Already, multiple bills have been introduced in the Senate aimed at requiring witnesses of child abuse to report offenders to law enforcement. In the House, Rep. Karen Bass (D-Los Angeles) has introduced the "Speak Out to Stop Child Abuse Act," which would mandate witnesses to report abuse to either law enforcement or child protective services.

The Senate hearing has been called by Sen. Barbara A. Mikulski (D-Md.), chairwoman of the Senate Health, Education, Labor and Pension subcommittee on children and families. Mikulski said she was "troubled and distraught about the child sexual abuse allegations" at PSU. Senator Bob Casey (D-Pa.) said the hearing would be "an opportunity to ensure that our federal laws are protecting our children from dangerous sexual predators."

The Sandusky story has, sadly, long since gone past the point of being about a football coach and a football program, and that it could spark a change in the way federal laws treat the reporting and prevention of child abuse is just the latest evidence of how important the story has become.
Posted on: November 22, 2011 11:38 am
 

Conference Title Race Reset, Week 13

Posted by Chip Patterson

With the regular season winding down, we'll check in on the conference title races in all 11 FBS conferences. The contenders, key games, and some early predictions on who will claim the league's automatic bowl berth.

SEC
Champion Destination: BCS Bowl Game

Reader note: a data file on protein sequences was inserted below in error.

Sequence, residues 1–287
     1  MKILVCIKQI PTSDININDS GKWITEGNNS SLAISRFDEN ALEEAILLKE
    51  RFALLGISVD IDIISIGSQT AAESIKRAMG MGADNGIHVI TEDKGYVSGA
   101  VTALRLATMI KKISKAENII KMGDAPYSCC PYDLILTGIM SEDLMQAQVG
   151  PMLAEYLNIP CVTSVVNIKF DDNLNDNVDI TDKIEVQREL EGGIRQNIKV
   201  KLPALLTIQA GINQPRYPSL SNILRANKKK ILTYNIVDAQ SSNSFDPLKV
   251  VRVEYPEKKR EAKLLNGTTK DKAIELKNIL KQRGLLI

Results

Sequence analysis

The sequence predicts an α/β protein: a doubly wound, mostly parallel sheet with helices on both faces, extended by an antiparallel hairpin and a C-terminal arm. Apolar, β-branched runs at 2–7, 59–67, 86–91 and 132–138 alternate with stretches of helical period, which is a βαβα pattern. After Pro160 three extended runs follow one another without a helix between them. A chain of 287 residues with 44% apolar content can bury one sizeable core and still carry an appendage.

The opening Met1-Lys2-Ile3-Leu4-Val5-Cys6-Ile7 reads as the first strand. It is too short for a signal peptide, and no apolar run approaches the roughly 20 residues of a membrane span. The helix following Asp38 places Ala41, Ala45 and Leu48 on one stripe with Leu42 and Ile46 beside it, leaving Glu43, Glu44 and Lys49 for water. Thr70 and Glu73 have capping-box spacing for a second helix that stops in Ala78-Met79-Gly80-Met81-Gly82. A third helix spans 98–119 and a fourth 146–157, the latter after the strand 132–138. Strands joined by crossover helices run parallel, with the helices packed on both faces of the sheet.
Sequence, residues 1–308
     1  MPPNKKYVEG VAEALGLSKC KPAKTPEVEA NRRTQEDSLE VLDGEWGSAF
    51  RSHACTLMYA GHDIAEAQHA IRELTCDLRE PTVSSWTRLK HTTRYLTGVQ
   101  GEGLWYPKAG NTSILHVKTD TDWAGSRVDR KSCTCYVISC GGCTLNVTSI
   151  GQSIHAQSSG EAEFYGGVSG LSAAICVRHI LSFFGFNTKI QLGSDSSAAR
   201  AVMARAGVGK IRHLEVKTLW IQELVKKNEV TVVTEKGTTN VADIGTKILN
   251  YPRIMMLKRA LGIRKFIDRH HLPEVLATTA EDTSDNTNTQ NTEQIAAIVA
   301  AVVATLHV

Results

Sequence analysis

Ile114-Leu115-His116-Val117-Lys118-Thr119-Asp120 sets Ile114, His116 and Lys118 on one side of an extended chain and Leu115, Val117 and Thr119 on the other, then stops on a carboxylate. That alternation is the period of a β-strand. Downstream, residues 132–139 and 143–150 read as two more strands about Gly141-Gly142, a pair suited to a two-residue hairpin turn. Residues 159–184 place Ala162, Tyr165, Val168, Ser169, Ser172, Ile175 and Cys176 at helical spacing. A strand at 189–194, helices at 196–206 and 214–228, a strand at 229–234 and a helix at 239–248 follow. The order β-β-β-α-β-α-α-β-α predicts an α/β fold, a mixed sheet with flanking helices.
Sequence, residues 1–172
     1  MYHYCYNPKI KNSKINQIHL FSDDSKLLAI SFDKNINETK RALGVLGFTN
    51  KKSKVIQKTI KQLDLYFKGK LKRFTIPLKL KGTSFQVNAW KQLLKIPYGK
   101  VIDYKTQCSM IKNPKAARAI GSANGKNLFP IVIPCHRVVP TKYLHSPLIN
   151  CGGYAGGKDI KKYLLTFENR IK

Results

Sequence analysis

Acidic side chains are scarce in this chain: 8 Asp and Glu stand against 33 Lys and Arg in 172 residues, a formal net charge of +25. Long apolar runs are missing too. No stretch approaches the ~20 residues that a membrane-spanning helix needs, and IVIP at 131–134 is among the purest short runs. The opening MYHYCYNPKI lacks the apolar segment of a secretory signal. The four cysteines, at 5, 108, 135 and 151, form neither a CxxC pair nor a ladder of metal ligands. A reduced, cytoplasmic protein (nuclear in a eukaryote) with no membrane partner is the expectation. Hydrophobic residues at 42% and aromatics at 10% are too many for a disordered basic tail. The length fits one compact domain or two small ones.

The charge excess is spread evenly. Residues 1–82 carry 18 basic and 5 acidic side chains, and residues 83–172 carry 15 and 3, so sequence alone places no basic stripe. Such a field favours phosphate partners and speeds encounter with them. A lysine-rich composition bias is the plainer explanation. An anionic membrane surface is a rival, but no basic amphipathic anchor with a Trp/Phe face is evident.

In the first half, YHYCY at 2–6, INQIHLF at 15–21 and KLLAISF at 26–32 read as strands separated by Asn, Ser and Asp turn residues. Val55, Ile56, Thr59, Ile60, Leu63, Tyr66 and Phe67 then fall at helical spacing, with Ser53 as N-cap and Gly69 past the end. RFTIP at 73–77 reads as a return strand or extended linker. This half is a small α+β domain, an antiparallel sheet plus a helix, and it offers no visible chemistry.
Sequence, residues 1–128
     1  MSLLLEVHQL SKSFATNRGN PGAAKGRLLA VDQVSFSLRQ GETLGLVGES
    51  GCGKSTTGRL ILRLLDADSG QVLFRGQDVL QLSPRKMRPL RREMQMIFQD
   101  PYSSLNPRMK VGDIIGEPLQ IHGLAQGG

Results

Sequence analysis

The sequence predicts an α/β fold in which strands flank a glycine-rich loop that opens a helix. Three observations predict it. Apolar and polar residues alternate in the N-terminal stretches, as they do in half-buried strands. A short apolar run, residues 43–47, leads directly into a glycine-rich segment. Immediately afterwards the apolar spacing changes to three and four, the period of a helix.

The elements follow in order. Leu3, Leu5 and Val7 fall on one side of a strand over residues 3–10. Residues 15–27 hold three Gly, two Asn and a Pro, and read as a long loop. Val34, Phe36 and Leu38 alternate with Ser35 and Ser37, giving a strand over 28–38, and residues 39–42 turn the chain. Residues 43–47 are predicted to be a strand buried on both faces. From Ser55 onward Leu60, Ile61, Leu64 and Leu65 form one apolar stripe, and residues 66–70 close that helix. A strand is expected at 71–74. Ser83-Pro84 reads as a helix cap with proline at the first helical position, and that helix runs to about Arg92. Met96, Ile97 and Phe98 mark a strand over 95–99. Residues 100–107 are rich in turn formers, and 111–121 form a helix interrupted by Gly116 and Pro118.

2010 Champion: Auburn

EAST CONTENDERS
1. Georgia (9-2, 7-1 conference) - CLINCHED

WEST CONTENDERS
1. LSU (11-0, 7-0)
2. Alabama (10-1, 6-1)
2. Arkansas (10-1, 6-1)

LSU needs: Win over Arkansas on Friday, win against Georgia in the SEC Championship Game, and it's on to the BCS title game for the Bayou Bengals.
Alabama needs: Win against Auburn on Saturday, an LSU loss to Arkansas. The three-way tiebreaker in the SEC is decided by BCS standings, which the Tide would likely own after an LSU loss.
Arkansas needs: To beat LSU and for Auburn to upset Alabama on Saturday. The Razorbacks would have the opportunity to move up in the BCS standings with the losses and likely earn the bid to the BCS title game.
Georgia needs: Defeat SEC West Champion in Atlanta to cause mass chaos.

Pick: LSU over Georgia

BIG 12
Champion Destination: BCS Bowl Game
2010 Champion: Oklahoma

CONTENDERS
1. Oklahoma State (10-1, 7-1 conference)
2. Oklahoma (8-2, 5-2)

Oklahoma State needs: A win over Oklahoma in the Bedlam game on Dec. 3. However, the Cowboys could clinch the conference title with an Oklahoma loss to Iowa State this weekend.
Oklahoma needs: Win out against Iowa State and Oklahoma State to claim share of Big 12 Championship and earn BCS bowl bid.

Pick: Oklahoma State

PAC-12
Champion Destination: BCS Bowl Game (Rose Bowl or National Championship)
2010 Champion: Oregon

NORTH CONTENDERS
1. Stanford (10-1, 8-1 conference)
2. Oregon (9-2, 7-1)

SOUTH CONTENDERS
1. UCLA (6-5, 5-3)
2. Arizona State (6-5, 4-4)
2. Utah (7-4, 4-4)

Stanford needs: An Oregon loss on Saturday to clinch the Pac-12 North and a bid to the conference championship game.
Oregon needs: A win over Oregon State to move into a tie for the Pac-12 North, earning a championship game bid thanks to the head-to-head tiebreaker.

UCLA needs: A win over USC clinches the Pac-12 South. A loss would result in the Bruins needing Colorado to beat Utah to avoid being jumped by the Utes.
Arizona State needs: A win against Cal and USC to beat UCLA. Even if Utah beats Colorado, the Sun Devils own the three-team tiebreaker.
Utah needs: A win over Colorado, Cal to beat Arizona State on Friday, and USC to beat UCLA on Saturday.

Pick: Oregon over Arizona State

BIG TEN
Champion Destination: BCS Bowl Game (Rose Bowl or National Championship)
2010 Champion: Wisconsin (Rose Bowl berth)/Michigan State/Ohio State

LEGENDS CONTENDERS
1. Michigan State (9-2, 6-1 conference) - CLINCHED

LEADERS CONTENDERS
1. Penn State (9-2, 6-1)
2. Wisconsin (9-2, 5-2)